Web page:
Crypto seizures on the rise
Australia’s financial security agency, Austrac, says the criminal use of cryptocurrency is no longer confined to online scammers like McMahon, who ran a series of websites selling logins to Netflix, Spotify and other subscription sites that he bootlegged using software that automatically generated the keys.
“As legitimate use of cryptocurrency increases, we’re seeing a sort of comparable increase in abuse,” says Austrac’s national manager of intelligence operations, Michael Tink, who runs teams at the agency concentrating on cybercrime, national security and money laundering.
“As an example, where a crime group might have previously been sending money offshore using the banking sector or a remittance dealer, in some cases – not a lot – we might see them trying to deposit criminal proceeds through a digital currency exchange provider and send money to a counterpart offshore using cryptocurrency itself,” he says.
Tink is keen to point out that using cryptocurrency to launder the proceeds of crime is still “fairly” niche – but it is on the rise.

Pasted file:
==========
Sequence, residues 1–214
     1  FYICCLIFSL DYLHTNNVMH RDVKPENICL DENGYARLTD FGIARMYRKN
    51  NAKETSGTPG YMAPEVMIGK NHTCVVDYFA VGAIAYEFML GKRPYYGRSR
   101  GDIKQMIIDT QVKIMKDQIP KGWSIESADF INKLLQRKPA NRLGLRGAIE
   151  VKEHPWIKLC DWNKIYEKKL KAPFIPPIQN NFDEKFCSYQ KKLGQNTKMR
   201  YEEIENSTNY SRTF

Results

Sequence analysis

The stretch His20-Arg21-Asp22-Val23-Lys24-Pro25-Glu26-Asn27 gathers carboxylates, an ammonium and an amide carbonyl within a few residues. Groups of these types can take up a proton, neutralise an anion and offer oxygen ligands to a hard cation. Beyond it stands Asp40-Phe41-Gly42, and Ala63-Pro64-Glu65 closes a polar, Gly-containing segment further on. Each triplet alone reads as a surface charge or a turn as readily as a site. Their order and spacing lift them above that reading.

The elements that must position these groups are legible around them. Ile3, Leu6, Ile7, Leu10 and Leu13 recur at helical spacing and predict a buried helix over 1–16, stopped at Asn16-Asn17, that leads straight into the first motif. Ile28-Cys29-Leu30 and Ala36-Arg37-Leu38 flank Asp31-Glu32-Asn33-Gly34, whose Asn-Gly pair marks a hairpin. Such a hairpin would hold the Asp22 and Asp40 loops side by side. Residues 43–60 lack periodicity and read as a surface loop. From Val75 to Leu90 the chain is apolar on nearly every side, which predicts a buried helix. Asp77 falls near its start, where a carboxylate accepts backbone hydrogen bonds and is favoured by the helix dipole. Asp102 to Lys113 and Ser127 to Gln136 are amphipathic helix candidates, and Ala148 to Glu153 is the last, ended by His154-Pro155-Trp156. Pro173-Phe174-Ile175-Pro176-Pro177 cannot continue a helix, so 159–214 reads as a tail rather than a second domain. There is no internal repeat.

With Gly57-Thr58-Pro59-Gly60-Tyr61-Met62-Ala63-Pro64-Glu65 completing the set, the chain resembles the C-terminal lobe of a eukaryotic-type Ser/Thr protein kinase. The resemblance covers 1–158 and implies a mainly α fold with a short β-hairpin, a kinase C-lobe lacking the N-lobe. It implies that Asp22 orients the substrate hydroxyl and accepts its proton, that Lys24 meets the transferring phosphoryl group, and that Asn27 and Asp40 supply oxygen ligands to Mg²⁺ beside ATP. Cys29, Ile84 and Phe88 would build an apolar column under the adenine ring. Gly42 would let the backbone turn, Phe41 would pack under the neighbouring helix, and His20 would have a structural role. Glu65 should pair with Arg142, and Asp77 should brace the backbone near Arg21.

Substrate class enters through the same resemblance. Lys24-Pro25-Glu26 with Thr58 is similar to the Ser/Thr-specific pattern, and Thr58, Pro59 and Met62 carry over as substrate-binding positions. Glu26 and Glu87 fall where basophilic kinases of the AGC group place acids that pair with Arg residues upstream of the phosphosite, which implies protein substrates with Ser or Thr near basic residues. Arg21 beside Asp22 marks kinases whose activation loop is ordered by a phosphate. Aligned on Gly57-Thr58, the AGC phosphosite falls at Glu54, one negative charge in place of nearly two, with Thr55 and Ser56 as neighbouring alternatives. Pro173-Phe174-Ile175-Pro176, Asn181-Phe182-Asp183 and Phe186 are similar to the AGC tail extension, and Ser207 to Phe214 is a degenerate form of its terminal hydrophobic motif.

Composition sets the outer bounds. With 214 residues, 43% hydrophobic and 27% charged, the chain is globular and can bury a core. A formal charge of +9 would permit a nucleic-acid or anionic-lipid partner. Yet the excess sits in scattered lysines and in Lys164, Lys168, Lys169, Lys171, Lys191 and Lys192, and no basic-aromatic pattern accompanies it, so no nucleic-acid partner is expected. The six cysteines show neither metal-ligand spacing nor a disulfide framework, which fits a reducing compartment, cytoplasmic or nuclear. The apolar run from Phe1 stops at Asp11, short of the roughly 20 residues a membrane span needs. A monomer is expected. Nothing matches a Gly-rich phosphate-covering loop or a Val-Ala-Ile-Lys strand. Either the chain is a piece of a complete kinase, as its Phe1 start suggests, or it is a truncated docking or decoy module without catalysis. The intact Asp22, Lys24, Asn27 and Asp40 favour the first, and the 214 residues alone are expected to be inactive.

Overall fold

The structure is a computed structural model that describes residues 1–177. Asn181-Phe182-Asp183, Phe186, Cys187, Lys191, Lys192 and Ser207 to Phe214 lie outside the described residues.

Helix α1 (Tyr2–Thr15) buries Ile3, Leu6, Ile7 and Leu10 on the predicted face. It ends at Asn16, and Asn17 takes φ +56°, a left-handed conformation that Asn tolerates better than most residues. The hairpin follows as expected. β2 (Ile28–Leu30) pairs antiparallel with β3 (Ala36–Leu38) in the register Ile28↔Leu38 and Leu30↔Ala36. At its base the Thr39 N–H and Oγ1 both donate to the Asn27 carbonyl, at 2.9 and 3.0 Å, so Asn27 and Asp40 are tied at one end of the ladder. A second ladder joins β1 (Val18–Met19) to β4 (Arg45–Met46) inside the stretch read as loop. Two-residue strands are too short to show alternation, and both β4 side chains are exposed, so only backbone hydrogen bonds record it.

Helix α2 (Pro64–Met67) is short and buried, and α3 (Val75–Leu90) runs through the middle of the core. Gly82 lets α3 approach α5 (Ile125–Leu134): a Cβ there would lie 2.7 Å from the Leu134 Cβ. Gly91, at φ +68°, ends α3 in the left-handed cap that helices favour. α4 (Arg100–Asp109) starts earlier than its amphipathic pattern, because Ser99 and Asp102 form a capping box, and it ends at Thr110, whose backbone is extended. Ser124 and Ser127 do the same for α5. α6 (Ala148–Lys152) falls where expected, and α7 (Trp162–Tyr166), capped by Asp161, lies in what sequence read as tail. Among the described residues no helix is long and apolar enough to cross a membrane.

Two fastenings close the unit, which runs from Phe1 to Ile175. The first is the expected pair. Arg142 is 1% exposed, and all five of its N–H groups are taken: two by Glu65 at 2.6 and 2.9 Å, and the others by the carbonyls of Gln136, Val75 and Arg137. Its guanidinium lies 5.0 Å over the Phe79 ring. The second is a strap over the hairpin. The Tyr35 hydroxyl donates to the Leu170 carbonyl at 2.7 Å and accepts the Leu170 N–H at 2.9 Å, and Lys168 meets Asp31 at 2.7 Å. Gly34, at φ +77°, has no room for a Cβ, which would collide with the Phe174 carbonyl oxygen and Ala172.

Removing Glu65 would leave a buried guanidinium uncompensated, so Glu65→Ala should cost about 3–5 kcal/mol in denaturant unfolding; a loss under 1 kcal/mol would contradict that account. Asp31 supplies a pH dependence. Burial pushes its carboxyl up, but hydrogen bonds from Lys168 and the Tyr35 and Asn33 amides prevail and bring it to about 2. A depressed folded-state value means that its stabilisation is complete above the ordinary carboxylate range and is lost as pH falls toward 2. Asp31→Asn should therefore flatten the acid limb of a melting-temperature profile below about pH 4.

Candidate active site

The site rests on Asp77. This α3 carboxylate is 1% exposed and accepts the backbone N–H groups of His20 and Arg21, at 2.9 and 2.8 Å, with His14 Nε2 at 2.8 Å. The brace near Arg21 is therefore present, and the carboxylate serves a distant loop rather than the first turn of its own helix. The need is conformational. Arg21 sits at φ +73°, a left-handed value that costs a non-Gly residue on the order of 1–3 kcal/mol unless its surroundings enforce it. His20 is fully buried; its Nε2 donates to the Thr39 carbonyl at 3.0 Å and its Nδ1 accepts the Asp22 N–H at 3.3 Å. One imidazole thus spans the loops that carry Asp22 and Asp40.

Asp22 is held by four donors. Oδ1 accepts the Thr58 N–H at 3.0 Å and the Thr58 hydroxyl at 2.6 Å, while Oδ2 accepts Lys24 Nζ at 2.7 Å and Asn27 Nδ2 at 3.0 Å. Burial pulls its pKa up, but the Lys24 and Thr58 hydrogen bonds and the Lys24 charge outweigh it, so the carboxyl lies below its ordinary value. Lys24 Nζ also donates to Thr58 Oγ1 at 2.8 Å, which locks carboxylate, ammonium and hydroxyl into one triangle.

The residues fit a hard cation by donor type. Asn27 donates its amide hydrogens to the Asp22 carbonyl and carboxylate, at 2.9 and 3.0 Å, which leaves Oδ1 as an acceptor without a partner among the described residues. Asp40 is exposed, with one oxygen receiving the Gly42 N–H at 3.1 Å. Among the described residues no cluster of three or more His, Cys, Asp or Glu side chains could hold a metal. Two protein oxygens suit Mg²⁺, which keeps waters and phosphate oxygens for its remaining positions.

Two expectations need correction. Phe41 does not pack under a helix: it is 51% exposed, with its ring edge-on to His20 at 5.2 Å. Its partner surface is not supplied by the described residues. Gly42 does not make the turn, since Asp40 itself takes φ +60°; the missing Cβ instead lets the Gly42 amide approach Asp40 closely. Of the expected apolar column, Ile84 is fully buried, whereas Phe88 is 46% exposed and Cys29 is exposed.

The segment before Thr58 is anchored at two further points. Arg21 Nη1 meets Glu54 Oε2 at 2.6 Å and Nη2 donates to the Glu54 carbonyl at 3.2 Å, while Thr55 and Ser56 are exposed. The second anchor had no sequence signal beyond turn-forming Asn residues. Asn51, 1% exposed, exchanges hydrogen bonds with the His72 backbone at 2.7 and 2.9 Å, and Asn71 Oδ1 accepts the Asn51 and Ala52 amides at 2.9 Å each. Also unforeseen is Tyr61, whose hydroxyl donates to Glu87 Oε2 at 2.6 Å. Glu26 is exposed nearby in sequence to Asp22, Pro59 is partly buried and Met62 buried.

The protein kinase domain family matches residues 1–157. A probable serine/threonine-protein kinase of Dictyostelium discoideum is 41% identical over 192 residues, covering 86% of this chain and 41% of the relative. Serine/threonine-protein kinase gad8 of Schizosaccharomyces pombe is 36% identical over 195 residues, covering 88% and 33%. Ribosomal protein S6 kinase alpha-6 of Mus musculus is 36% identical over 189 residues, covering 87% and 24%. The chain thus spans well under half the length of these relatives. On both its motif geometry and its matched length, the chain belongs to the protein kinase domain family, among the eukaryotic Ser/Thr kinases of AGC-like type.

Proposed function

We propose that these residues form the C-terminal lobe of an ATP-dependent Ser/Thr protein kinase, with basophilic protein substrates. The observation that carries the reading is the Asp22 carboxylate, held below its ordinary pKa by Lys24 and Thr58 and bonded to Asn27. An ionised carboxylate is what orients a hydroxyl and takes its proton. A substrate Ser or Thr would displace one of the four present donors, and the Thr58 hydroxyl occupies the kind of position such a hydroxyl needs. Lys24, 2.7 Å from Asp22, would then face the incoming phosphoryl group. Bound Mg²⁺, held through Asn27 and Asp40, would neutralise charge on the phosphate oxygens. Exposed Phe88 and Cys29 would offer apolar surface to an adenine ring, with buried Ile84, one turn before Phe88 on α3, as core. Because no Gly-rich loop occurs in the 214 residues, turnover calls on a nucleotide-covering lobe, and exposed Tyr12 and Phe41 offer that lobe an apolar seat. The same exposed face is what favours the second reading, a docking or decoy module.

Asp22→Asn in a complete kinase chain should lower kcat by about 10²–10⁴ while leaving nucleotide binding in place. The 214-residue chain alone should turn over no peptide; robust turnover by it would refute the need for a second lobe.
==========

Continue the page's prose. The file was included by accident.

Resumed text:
While the seizure of McMahon’s wallets was the biggest crypto bust in Australia at the time, larger amounts have since been frozen by regulators investigating possible fraud.
In October last year, the Australian Securities and Investments Commission obtained federal court orders freezing bitcoin estimated to be worth between $7m and $22m that were allegedly related to what the corporate watchdog claims was an unlicensed superannuation investment scheme run by Gold Coast couple Aryn Hala and Heidi Walters. Asic alleged in court documents that at least $2.4m of investor money had been used to purchase crypto-assets. Asic’s investigation is continuing and no charges have been laid.